Sunday, December 6, 2009

Playing with Food for Christmas

I know, I know, we're always told not to play with our food. Most of the time that's true. When it comes to crafty ministry, though, you'll find fun ways to play and have a tasty treat.

Snowman Cake

Long before all of the fancy shaped pans were available, cake mix companies offered ideas for cutting layer cakes to create fancy shapes. This was always one of my favorites, because I love coconut cake. It makes a lovely presentation, and serves a good sized group.

* White cake mix or recipe for two-layer cake (two boxes or recipes)
* Fluffy white frosting (enough for the double cake recipe)
* Shredded coconut (optional if allergies are a concern or you just don't care for coconut)
* Gum drops for features and buttons
* String type red candy (licorice, Twizzlers or Red Vines) for scarf
* Nine-inch cake pans (two)
* Muffin tin (one tin of six or twelve holes)

Step 1

Cover a platter or cutting board with aluminum foil, waxed paper or any desired food-safe covering.

Step 2 - Baking

Prepare the pans as directed by the cake mix or recipe. Make one box or recipe of cake batter.  Fill one muffin hole half-full and set aside. Divide the remaining batter between the two cake pans. Bake and cool as directed. Repeat with the second batch, except bake the two muffins as well. (Note: If you have sufficient pans and a large enough oven, feel free to do all of the mixing and baking as one step.)

Step 3 - Assemble layers

Level two of the layers across the top.  Spread frosting on these two layers. Add a plain layer to each of the frosted layers.

Step 4 -  Shaping the snowman

Cut a shallow arc from the side of the two cakes. Make the arcs as equal as possible because these will become the arms. Frost the cakes along the cut line.

Place the cakes as shown in the diagram - cut side to cut side - to form the snowman's body. Frost the top and sides of the cakes.

Trim the muffins as necessary to form the head and be the same height as the body. Frost the layers of muffin together.  Place it at the top of the snowman's body. Frost head.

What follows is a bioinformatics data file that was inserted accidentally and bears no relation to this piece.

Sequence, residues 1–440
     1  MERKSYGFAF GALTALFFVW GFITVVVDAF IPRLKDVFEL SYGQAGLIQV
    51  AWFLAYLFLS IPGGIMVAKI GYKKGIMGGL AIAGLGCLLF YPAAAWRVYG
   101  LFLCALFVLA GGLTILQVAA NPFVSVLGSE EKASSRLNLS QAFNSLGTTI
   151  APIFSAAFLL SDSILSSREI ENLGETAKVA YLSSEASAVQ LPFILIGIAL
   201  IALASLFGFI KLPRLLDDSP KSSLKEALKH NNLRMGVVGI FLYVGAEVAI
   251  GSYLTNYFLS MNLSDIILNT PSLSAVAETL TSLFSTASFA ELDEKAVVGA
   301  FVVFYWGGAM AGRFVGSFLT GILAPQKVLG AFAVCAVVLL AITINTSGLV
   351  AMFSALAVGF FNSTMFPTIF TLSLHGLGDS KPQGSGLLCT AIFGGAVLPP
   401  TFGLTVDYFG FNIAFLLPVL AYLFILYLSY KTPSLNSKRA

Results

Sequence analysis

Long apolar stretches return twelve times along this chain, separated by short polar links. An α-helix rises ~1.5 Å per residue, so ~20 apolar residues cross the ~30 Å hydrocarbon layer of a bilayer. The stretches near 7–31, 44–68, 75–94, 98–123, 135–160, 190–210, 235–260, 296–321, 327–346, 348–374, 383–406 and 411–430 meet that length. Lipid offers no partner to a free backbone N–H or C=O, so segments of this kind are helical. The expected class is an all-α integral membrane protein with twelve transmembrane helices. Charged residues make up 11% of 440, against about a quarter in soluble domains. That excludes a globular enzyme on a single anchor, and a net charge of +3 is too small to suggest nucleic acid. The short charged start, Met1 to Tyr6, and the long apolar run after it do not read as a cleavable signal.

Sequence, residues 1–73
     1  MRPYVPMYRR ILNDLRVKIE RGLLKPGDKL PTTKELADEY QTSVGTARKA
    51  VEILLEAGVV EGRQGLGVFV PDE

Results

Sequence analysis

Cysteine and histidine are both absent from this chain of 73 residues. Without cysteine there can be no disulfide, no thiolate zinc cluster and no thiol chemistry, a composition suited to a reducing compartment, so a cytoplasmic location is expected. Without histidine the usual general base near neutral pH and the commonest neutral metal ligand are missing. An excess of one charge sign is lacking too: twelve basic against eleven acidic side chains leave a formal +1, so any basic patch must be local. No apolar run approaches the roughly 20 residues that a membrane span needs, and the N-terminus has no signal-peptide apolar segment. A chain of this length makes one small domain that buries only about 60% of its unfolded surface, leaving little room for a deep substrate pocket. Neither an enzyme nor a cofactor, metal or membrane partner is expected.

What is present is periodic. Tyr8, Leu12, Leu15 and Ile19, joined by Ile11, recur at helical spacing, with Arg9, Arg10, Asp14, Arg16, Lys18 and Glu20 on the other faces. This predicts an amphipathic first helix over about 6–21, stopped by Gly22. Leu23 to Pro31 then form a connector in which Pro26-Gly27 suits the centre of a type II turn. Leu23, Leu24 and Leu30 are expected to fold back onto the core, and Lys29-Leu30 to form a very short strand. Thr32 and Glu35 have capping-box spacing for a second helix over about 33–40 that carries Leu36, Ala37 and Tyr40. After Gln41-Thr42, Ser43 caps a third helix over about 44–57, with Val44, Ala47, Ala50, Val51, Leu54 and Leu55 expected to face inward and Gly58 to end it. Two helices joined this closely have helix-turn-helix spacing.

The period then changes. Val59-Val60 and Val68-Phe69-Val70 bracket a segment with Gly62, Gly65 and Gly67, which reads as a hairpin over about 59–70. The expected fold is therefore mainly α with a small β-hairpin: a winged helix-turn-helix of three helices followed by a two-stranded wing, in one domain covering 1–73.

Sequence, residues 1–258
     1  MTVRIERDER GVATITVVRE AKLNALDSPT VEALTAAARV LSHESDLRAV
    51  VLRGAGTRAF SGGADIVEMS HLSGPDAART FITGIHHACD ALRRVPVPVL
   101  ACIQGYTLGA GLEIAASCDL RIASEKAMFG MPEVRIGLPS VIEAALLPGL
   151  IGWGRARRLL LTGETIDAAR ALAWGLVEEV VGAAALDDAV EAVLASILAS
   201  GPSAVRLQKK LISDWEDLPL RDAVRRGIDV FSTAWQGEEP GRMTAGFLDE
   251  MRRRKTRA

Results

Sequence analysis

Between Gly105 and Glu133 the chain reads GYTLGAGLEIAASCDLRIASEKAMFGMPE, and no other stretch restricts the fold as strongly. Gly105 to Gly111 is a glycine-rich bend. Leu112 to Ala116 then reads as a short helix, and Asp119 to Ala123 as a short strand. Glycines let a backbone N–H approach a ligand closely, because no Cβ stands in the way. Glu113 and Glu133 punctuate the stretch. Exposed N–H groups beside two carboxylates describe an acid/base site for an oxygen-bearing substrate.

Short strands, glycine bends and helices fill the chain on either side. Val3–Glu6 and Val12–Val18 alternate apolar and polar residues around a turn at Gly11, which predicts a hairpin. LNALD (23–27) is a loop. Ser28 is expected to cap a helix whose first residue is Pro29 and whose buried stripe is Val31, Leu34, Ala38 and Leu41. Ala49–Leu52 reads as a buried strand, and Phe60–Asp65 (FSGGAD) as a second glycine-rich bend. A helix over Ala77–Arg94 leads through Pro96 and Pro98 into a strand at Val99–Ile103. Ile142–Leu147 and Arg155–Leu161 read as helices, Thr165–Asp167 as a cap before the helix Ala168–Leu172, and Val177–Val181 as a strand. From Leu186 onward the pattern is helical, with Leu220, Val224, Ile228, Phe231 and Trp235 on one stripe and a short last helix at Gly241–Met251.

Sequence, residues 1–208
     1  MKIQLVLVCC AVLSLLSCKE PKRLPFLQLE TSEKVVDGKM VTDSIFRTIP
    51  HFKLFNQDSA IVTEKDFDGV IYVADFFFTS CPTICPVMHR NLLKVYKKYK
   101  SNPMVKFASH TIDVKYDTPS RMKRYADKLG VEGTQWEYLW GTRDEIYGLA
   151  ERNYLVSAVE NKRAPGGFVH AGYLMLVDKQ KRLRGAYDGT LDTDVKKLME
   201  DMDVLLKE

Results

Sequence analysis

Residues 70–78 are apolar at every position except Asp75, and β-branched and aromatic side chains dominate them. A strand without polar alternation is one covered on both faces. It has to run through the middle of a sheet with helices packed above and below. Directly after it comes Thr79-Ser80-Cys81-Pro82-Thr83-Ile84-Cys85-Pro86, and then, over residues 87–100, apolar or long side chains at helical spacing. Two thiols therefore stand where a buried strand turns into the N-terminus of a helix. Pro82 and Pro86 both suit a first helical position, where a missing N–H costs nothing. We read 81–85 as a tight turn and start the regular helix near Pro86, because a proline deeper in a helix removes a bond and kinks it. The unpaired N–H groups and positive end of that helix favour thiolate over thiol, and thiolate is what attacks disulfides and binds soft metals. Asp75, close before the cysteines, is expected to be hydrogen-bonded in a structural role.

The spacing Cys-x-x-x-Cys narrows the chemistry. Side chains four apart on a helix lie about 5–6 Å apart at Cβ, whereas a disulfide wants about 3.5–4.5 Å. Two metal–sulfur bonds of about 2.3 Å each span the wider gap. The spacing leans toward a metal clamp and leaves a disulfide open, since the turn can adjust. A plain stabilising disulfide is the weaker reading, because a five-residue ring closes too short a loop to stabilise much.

Align the cut arcs on the sides to form arms and frost in place.

Step 5 - Dressing the snowman

If you are a coconut nut, as I am, this is the time to sprinkle on lots of coconut snow.

Use gumdrops to form the facial features, for example, a line of red ones for the mouth, an orange one for the nose, green ones for the eyes. Black gumdrops make great buttons on his chest. Form a scarf from string-type candy such as licorice whips, Twizzlers or Red Vines.

And there you have it, a snowman layer cake ready to brighten your table and your palate.

Miscellaneous tips:

If your crowd isn't large enough to need the two-layer version, just use one box of mix or recipe and make it a sheet cake. Don't level the layers - the dome effect makes it look more like a three-dimensional snowman.

Other candies can be used to decorate - basically anything round and colorful will fill the bill.

Individual Snowmen

Little individual snowmen make fun party favors, desserts, place cards or projects for kids at a party.

Regular sized marshmallows
Miniature marshmallows
Food coloring
Graham crackers

Pretty simple to assemble: skewer two regular and one miniature marshmallow on a toothpick. Use a toothpick dipped in food coloring to add features. Two more toothpicks form the arms. Stick the end of the toothpick holding the snowman together into a graham cracker.

Add more miniature marshmallows around the base for stage-setting.

Miscellaneous tips:

For very young children, use uncooked spaghetti instead of toothpicks.

Use white frosting to cover the graham cracker and secure the snowman in a fluffy field of white. (You can add coconut, too!)

Dots of hot fudge ice cream sauce (but not heated) work as features and buttons.

Use cupcakes instead of graham crackers to make the little snowmen even more festive.

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